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Genetics Society Medal 2005

Phil Ingham

Phil’s research achievements are many and outstanding. He was a pioneer in molecular genetics of Drosophila embryonic development, exploiting more quickly than most the ability to use in situ hybridisation to localise gene expression patterns. This led to crucial insights into the mechanisms underlying segmentation which, in turn, developed into one of the most important models for animal pattern formation. He discovered many of the key signaling mechanisms of the Hedgehog (Hh) pathway and cloned many of its components. He proposed (correctly) that the receptor protein Patched binds Hedgehog but that it unexpectedly acts to repress signalling. He also proposed (again correctly) that Smoothened was another receptor component, this time activating the pathway. He also identified cubitus interruptus as the transcription factor that mediates Hh signalling. Phil and others discovered that these signalling components are conserved throughout the animal kingdom. This led his research to diversify into zebrafish, and his lab is now a leading centre in the genetics of this species. Hedgehog signalling has become one of the most intensively studied signaling pathways in mammals as well as model organisms. This is not only because the pathway controls many aspects of development in all animals but also because the human homologues of Hh signalling components like Patched and Ci have been implicated quite directly in cancer. Hence Phil’s science has had a wide impact beyond his own field. His work exemplifies the ability of careful genetics to remain at the forefront of experimental biology even when large-scale approaches are increasingly dominant. Phil left the ICRF in 1996 and founded the new and highly successful Developmental Genetics Centre at the University of Sheffield.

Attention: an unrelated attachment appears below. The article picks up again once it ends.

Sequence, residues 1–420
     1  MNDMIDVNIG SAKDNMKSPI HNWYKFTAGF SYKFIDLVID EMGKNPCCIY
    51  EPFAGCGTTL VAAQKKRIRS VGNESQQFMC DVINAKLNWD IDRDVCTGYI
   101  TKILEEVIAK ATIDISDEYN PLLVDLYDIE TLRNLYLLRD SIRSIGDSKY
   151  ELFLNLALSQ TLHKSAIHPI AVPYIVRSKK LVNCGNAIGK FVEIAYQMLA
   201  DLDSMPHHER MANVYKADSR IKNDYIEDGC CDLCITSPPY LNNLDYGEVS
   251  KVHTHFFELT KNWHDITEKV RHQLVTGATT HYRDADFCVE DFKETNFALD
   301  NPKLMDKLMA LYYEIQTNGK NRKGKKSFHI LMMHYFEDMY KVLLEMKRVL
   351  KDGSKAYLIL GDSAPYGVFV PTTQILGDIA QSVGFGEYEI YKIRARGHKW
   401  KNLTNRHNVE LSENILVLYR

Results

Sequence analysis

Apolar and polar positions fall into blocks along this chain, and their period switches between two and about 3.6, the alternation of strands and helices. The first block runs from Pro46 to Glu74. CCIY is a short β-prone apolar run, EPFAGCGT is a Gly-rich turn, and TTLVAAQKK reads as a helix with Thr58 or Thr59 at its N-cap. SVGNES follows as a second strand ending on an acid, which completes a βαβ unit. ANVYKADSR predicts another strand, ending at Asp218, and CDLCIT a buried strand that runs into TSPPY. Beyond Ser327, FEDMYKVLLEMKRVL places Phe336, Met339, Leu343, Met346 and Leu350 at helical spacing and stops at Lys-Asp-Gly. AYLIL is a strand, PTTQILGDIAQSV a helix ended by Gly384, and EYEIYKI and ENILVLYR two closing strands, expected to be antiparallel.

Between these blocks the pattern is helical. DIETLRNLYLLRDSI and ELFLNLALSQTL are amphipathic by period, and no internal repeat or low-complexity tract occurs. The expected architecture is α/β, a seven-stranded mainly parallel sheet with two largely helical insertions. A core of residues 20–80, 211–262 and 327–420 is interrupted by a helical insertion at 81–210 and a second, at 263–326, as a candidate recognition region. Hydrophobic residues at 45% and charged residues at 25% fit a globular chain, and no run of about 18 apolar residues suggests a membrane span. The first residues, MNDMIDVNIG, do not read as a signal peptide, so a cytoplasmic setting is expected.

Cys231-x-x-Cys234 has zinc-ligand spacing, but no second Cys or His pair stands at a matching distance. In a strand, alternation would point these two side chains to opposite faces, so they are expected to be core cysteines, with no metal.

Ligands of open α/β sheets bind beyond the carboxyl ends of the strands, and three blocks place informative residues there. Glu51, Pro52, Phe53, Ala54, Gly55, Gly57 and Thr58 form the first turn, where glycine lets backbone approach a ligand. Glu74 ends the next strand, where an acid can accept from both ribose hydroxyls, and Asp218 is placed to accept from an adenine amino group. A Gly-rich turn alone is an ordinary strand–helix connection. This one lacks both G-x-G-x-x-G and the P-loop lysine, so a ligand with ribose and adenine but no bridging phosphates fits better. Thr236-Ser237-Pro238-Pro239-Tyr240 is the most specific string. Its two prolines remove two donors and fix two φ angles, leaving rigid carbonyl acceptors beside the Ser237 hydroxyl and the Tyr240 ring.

Matthew Freeman